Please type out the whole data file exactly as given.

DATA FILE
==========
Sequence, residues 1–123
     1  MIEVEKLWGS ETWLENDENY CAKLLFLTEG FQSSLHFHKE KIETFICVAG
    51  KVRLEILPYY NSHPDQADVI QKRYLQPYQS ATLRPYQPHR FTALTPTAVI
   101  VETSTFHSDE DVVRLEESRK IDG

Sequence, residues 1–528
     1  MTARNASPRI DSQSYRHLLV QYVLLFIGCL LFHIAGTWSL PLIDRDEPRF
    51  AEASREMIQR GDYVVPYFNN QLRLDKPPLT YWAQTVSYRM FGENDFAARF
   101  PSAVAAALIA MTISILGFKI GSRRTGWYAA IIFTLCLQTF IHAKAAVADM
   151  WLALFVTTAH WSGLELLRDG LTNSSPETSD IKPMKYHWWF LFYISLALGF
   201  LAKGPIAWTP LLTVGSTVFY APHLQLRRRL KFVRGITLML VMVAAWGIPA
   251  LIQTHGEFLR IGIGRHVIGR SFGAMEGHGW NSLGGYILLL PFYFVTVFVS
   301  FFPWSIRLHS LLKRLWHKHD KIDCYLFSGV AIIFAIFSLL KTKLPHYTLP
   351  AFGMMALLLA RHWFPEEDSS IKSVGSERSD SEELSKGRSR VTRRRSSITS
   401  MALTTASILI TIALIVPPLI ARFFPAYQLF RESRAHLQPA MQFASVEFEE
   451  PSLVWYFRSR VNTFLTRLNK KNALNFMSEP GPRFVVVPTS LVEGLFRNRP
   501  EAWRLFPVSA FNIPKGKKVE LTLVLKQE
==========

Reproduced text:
Sequence, residues 1–123
     1  MIEVEKLWGS ETWLENDENY CAKLLFLTEG FQSSLHFHKE KIETFICVAG
    51  KVRLEILPYY NSHPDQADVI QKRYLQPYQS ATLRPYQPHR FTALTPTAVI
   101  VETSTFHSDE DVVRLEESRK IDG

Sequence, residues 1–528
     1  MTARNASPRI DSQSYRHLLV QYVLLFIGCL LFHIAGTWSL PLIDRDEPRF
    51  AEASREMIQR GDYVVPYFNN QLRLDKPPLT YWAQTVSYRM FGENDFAARF
   101  PSAVAAALIA MTISILGFKI GSRRTGWYAA IIFTLCLQTF IHAKAAVADM
   151  WLALFVTTAH WSGLELLRDG LTNSSPETSD IKPMKYHWWF LFYISLALGF
   201  LAKGPIAWTP LLTVGSTVFY APHLQLRRRL KFVRGITLML VMVAAWGIPA
   251  LIQTHGEFLR IGIGRHVIGR SFGAMEGHGW NSLGGYILLL PFYFVTVFVS
   301  FFPWSIRLHS LLKRLWHKHD KIDCYLFSGV AIIFAIFSLL KTKLPHYTLP
   351  AFGMMALLLA RHWFPEEDSS IKSVGSERSD SEELSKGRSR VTRRRSSITS
   401  MALTTASILI TIALIVPPLI ARFFPAYQLF RESRAHLQPA MQFASVEFEE
   451  PSLVWYFRSR VNTFLTRLNK KNALNFMSEP GPRFVVVPTS LVEGLFRNRP
   501  EAWRLFPVSA FNIPKGKKVE LTLVLKQE